In this episode Dan interviews Jeff Gregory & Adam Levine, of CustomInk.

CustomInk does above $200 million in ecommerce sales, of which organic search plays a big part. The site is ranking for 50,000 terms on the first two pages of Google, 25,000 of which are in the first five positions. They are in position one for many one and two word phrases such as “tshirts,” “t shirts,” “t-shirts,” and “custom tshirts.”

In this interview we dig into their SEO and ecommerce philosophy, including site home page design, site architecture, keyword research, understanding user behavior, product conversion pages, blogging, and content distribution.

If you run an ecommerce site and you want to rank your site, learn from these pros. Nobody does it better.

Video Transcript

Dan: Hi everybody! This is Dan Kaplan and welcome back to the Getting More Leads and Sales from Your Website podcast. I am really, really excited today to be talking about eCommerce SEO with two Industry Leaders, Jeff Gregory and Adam Levine of CustomInk.com, a T-shirt company doing $200 million all through eCommerce from their website.

They got about 40,000 plus pages in their site. And organic traffic is responsible for a significant portion of their revenue. They are, as I said before, absolutely dominating in Google and in their space. We are going to be talking today about some of the techniques that they have used to get them sales in the poll position.

So let me switch my camera over to you guys. You are in Fairfax, Virginia?

Jeff Gregory: Fairfax, Virginia

Dan Kaplan: Fairfax, Virginia, right.  Say hi to everybody. If you could start us off guys with just a little bit of an introduction as to how you got your start, how you got to be where you are. Give us a little bit of your background so we know who we are talking to.

Adam Levine: I am Adam Levine. I am a search engine optimization specialist at CustomInk. I originally started here in 2007 so I have been here about seven plus years. That is a very long time for my first real gig. I actually came to CustomInk on a whim.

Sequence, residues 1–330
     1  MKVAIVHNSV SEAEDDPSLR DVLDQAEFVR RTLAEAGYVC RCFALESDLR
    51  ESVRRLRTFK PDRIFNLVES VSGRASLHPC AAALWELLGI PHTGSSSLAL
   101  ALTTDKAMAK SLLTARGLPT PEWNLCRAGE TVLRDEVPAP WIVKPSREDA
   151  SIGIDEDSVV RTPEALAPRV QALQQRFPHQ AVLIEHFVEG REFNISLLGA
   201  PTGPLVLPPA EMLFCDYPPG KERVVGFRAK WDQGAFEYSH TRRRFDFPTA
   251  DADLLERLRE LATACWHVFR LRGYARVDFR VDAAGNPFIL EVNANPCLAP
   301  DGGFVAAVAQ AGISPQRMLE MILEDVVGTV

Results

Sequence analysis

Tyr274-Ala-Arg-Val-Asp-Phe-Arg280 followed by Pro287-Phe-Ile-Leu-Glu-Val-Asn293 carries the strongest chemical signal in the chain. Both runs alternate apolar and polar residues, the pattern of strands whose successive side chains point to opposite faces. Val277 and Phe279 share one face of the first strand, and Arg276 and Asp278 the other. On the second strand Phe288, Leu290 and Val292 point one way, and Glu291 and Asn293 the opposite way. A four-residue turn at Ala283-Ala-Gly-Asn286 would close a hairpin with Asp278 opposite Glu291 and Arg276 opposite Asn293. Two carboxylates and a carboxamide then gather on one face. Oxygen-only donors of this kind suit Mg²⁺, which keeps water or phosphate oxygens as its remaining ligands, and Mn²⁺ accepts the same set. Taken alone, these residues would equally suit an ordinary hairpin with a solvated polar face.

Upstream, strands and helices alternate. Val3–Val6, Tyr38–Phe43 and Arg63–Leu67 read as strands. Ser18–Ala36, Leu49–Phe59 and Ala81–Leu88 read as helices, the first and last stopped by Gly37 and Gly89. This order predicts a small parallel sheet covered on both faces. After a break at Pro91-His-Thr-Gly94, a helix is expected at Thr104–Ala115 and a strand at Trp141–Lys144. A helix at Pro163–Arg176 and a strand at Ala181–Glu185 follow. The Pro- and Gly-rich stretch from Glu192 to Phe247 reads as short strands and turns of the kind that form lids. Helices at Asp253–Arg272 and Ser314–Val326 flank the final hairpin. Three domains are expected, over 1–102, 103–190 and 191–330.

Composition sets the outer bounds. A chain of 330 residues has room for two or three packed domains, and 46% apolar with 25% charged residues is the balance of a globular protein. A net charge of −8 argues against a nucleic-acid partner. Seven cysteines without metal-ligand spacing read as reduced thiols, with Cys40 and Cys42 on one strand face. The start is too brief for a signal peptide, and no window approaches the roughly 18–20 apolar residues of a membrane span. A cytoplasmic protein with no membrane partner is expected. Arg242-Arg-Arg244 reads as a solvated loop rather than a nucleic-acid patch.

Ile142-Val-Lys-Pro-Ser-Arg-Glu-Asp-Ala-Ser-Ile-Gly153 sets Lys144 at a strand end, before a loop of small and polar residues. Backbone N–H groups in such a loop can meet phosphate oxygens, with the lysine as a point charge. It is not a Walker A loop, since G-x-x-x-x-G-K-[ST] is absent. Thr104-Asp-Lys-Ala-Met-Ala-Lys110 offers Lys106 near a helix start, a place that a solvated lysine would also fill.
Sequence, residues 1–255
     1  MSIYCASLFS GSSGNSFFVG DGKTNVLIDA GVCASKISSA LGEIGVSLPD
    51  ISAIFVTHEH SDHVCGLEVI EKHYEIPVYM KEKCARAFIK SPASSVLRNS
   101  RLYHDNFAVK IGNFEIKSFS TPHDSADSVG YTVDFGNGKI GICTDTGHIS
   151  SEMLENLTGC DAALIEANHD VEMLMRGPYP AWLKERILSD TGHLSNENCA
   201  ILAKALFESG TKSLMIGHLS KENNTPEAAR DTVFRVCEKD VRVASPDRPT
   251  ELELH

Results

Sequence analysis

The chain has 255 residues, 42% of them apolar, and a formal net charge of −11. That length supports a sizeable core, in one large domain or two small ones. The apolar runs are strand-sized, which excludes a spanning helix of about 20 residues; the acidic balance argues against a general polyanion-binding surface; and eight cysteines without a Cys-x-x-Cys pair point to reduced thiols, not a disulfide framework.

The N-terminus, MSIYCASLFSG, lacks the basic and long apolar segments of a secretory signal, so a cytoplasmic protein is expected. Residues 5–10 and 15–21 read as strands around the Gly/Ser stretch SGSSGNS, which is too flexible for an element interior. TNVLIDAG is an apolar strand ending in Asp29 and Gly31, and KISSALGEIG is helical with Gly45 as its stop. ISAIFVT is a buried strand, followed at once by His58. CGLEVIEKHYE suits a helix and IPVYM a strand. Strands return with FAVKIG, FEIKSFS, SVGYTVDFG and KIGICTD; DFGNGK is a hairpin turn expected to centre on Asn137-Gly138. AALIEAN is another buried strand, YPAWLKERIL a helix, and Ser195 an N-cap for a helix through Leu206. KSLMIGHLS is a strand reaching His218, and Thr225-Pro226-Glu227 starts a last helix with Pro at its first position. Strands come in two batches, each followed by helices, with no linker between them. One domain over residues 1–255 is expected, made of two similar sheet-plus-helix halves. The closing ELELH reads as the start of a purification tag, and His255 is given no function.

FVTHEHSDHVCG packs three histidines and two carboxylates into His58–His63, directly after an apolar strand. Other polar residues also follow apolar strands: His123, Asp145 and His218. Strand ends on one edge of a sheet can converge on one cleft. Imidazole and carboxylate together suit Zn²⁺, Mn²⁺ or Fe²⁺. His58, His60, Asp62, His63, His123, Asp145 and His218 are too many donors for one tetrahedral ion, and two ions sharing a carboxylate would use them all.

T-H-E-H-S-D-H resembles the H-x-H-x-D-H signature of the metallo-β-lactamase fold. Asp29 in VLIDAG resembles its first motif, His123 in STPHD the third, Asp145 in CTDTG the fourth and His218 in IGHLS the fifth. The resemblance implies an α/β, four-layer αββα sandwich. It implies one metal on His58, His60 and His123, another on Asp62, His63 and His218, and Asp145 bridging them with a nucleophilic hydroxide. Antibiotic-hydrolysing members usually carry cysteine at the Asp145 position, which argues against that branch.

I was originally going to finance and started out to pursue that path and found CustomInk on a priceless ad that said, “You want to wear T-shirts and sandals to work?” and I said yes.  So, I started in sales and service and I did sales and service for about four years. I then moved over into the search field when I was pegged for project work and so I was seeking to move away from sales by the head of the sales at that time and ended up doing some link building project work which I did pretty well at.  I did a little free link. We tried to acquire links through email and through various other channels and then when my current boss Jeff came on board, I got hired as the SEO Specialist and that is the role I have been for the last three years. That is me.

Jeff Gregory: My name is Jeff Gregory and I lead search marketing efforts here at CustomInk. I joined the company 2011. The company was already doing really quite well in search engines and I just brought an approach of let us keep a white hat as white as possible. Let us do the right thing by the customer and apply Google Webmaster Guidelines, create the great content, and trust that the rankings will come, and we’ve managed to climb higher. So that is where we are at today.

Dan Kaplan: Good. That is great. Thank you for the introduction guys. We are going to take a look at some of your stats first. I am going to share my screen so our users can see some of the effects, the really powerful work that you guys have done so far.

So here we are. We are taking a look at my screen and we are just going to get a little bit of stats on CustomInk and how well are you guys are doing. It looks like 15,000 search terms and you are ranking four on the first few pages of Google. Looks like you have about 25,000 plus terms and you’re in the first five positions.

That is really impressive. But what is even more impressive is what these terms are. If you look into the SEM Rush Rankings, I could see the word T-shirts you’re in position one, the word shirts you’re in position one-50,000 search a month for these terms. Koozie is position one, T-shirts with no space is position one, customized T-shirts. All the variations of this search phrase you are absolutely dominating. 1.8 thousand referring domains and 18,500 backlinks, really, really impressive work guys.

I would like to dive in to this a little bit and figure out and have our listeners hear a little bit how it is you got there and are maintaining these positions. So I am going to switch the camera back to you guys so our users can see you and maybe you can tell us a little bit about your philosophy to your approach to SEO.  I know also you do a lot with rigorous research analysis. Would you just give us that high level view before we dive in with some of the particulars?

Jeff Gregory: Sure. The high level is simply believing in doing the right thing for the customer throughout the website and trusting that the rest of the pieces will fall into place by following the Google Webmaster guidelines and then just creating content that people will find useful. Focusing heavily and rigorously on doing that work through every phase of the site as well as the company.